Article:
ATPM’s New Print-Optimized PDF
You mean people actually print it? I thought on-screen magazines were meant for reading on screen, hence the name. :-)
I like the format you already have. Thanks for a great magazine!
—Christopher Laslett, United Kingdom
Well, I personally never print it, but many people have requested a print version, and from the feedback it has received it seems to be quite popular. It also works well for people with very large displays (such as 21").
We are not going to remove the other format because of the print version, but we are contemplating making a more special “screen” version with a landscape layout to fill the screen. Would you prefer that over the current on-screen PDF?
Praise for the Print-Optimized PDF
Much better—I can print this out and take it on my train journeys without having to carry around a dead tree with me.
Well done for thinking about and doing this!
—Stewart Armstrong, United Kingdom
PDFs Display in My Web Browser
How do I download ATPM to my hard disk? When I click on the PDF screen-optimized link, it opens in Adobe Acrobat format in Internet Explorer. I cannot save this. Instead I’m forced to stay online to read it. What am I doing wrong?
—Melanie, British Columbia, Canada
The reason it displays in your browser is because you have the PDF Reader browser plug-in installed in your browser’s plug-in folder. There are three ways around that:
After the PDF has loaded inside your browser, click the Save button in the Acrobat button bar to save the PDF to disk.
You can uninstall the plug-in by removing it from the folder and restarting the browser.
Or you can option-click the link to the PDF you want to download. This will bypass the plug-in and download the PDF straight to your hard disk. —Daniel Chvatik
On my iBook one batch of .k files are shown as taking up between 8 and 20K each, but when I have the iBook and the blue G3 ether-networked, and view the iBook files on the G3’s screen, those 12-20K files are shown as taking up 97K each.
When I Get Info on the folder that contains them, I see the actual size as 900K in both screens: but while the iBook tells me they take 1.6 MB of space, the G3 tells me they take up 14 MB.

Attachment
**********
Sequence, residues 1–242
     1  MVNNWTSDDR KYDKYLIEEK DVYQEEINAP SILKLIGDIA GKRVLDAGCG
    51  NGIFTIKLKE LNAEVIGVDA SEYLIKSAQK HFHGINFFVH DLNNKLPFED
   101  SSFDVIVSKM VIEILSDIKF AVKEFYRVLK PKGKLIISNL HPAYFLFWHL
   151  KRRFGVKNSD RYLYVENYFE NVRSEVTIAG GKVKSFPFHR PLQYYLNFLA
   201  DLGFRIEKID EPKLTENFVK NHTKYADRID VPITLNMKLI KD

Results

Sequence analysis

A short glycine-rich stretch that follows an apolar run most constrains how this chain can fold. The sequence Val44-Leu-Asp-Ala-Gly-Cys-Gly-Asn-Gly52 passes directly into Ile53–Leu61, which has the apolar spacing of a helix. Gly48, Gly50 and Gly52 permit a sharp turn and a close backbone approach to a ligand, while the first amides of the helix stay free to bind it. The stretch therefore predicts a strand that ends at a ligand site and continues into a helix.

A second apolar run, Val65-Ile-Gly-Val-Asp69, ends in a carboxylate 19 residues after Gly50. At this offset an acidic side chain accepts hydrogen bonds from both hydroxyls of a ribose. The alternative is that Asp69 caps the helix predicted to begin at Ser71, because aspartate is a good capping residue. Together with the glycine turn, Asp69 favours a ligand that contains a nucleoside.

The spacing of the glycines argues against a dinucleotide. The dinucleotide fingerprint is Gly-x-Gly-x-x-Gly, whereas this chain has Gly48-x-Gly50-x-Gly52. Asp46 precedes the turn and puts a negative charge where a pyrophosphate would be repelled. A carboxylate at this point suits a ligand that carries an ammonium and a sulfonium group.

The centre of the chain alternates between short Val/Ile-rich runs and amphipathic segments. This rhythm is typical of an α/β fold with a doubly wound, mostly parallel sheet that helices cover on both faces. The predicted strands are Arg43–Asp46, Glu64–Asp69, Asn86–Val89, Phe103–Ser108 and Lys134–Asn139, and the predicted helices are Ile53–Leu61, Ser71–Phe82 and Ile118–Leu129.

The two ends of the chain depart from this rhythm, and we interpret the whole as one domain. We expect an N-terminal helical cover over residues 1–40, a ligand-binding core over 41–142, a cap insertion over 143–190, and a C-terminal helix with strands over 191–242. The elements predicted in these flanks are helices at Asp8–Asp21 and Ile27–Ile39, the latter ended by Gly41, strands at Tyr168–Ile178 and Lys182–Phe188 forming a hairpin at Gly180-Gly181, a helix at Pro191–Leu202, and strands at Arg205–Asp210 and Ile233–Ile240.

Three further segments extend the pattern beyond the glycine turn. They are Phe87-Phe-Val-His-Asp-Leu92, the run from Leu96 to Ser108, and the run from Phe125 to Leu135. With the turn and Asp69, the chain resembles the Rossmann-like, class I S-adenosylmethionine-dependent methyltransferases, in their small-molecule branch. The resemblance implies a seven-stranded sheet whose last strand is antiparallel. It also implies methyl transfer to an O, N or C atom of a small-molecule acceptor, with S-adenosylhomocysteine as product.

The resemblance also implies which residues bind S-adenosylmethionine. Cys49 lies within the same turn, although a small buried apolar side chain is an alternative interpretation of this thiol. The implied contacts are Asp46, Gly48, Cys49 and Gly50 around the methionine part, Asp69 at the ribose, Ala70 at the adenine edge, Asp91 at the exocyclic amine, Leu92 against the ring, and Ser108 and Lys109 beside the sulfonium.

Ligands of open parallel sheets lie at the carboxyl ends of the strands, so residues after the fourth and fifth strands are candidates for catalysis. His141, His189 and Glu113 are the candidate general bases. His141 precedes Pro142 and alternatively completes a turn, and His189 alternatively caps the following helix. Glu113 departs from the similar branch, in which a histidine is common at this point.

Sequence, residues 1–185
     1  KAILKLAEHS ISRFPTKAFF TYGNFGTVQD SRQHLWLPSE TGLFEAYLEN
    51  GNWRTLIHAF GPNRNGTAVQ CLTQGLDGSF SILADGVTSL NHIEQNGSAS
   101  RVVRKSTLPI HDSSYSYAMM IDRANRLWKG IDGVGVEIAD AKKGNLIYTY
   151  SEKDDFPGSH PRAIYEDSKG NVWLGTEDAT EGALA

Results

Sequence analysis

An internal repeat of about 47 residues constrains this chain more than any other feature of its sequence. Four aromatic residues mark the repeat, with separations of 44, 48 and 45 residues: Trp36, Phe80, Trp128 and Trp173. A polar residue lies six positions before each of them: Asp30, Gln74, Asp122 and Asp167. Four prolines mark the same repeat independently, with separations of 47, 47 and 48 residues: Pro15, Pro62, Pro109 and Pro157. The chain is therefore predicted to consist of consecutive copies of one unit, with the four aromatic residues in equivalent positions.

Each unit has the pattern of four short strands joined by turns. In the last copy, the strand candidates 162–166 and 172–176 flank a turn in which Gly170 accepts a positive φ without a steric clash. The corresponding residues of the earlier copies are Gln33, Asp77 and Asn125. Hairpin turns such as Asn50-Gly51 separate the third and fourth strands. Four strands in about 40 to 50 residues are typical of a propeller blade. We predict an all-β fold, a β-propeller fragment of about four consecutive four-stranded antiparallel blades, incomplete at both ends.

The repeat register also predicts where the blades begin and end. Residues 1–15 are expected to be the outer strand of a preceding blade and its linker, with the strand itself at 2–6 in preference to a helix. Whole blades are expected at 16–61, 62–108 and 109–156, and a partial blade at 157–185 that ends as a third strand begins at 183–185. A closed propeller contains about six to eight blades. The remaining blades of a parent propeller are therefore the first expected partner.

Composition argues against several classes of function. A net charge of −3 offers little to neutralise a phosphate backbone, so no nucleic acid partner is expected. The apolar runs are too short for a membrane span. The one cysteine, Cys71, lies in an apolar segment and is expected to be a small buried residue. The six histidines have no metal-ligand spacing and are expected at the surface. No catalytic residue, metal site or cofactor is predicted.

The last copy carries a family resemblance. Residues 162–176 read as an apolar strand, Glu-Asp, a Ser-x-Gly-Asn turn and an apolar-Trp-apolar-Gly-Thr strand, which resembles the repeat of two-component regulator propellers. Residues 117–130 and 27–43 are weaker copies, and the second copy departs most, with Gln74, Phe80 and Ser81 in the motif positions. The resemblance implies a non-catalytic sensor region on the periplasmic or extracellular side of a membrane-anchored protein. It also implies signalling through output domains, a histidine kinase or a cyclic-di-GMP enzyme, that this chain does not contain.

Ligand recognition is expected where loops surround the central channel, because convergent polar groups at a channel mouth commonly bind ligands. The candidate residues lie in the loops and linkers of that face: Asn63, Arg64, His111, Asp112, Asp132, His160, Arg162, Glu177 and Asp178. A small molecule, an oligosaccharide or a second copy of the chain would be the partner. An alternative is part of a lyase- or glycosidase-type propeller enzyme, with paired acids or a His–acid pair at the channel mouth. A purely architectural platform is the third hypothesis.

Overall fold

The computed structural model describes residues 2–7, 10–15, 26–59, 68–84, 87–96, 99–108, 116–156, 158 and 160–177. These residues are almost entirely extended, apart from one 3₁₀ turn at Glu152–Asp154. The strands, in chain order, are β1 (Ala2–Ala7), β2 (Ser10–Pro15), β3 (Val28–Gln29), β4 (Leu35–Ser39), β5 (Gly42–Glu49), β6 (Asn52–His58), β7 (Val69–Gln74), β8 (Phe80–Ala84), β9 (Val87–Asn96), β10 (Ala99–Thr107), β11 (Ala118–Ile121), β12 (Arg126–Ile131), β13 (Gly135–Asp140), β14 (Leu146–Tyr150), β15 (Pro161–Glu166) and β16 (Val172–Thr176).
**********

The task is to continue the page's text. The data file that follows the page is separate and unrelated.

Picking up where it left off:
Don’t measurements of disk space normally work across a Mac-only network?
On the iBook the .k files are on a hard disk which is 3 GB, and the .k files are (still) 8-20K. The folder containing them is shown as taking up 1.6 MB. On the G3, I have copies of the same files on a partition which is 750 MB, and they’re shown as taking up 25-28K each, while the folder is shown as taking up 4 MB space.
Huh? The bigger the partition/disk size, the bigger the minimum space per file should be.
—David Kettlewell, Estonia
What you have discovered is actually a known bug in Apple’s implementation of File Sharing and also in AppleShare IP, Apple’s professional strength file sharing server suite.
The issue emerged as a result of Apple’s move to HFS+. As you may know, File Sharing (and ASIP) allow a Mac running an older OS (prior to OS 8.1) to log onto Macs that are sharing HFS+ volumes. However in facilitating this there are often discrepancies in file sizes and byte counts as you have noticed.
I believe Apple is working on a fix for the problem but the AppleShare/File Sharing team is not exactly the fastest. Keep in mind that the sizes your iBook reports for its own data are accurate. The figures the G3 gives you when you log on to the iBook are incorrect and the result of fancy “behind the scenes” networking technology that is allowing two different file systems to talk to each other magically.
I am not aware of any workarounds for this problem aside from reformatting your iBook hard drive as HFS standard. Alternatively you could partition your drive and make one partition HFS+ and the other HFS Standard. Then share only the Standard partition. Or you could do this to your G3 and share the G3 instead of the iBook. —Evan Trent